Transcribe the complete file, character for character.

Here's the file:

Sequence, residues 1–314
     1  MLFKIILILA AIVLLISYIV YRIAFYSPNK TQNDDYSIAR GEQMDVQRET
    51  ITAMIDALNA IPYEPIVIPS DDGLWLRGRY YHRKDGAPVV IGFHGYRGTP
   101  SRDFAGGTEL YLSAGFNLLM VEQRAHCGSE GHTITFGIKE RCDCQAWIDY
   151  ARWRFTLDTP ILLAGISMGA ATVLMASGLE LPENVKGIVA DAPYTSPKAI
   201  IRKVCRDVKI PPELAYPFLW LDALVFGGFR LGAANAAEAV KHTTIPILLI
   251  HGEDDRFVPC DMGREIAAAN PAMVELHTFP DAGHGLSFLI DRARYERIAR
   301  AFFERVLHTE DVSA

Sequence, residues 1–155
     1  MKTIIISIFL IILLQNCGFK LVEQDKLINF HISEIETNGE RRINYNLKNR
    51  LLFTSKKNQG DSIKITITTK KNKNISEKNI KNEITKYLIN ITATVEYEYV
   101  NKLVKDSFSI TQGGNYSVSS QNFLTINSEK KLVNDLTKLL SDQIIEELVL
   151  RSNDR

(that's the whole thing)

Sequence, residues 1–314
     1  MLFKIILILA AIVLLISYIV YRIAFYSPNK TQNDDYSIAR GEQMDVQRET
    51  ITAMIDALNA IPYEPIVIPS DDGLWLRGRY YHRKDGAPVV IGFHGYRGTP
   101  SRDFAGGTEL YLSAGFNLLM VEQRAHCGSE GHTITFGIKE RCDCQAWIDY
   151  ARWRFTLDTP ILLAGISMGA ATVLMASGLE LPENVKGIVA DAPYTSPKAI
   201  IRKVCRDVKI PPELAYPFLW LDALVFGGFR LGAANAAEAV KHTTIPILLI
   251  HGEDDRFVPC DMGREIAAAN PAMVELHTFP DAGHGLSFLI DRARYERIAR
   301  AFFERVLHTE DVSA

Sequence, residues 1–155
     1  MKTIIISIFL IILLQNCGFK LVEQDKLINF HISEIETNGE RRINYNLKNR
    51  LLFTSKKNQG DSIKITITTK KNKNISEKNI KNEITKYLIN ITATVEYEYV
   101  NKLVKDSFSI TQGGNYSVSS QNFLTINSEK KLVNDLTKLL SDQIIEELVL
   151  RSNDR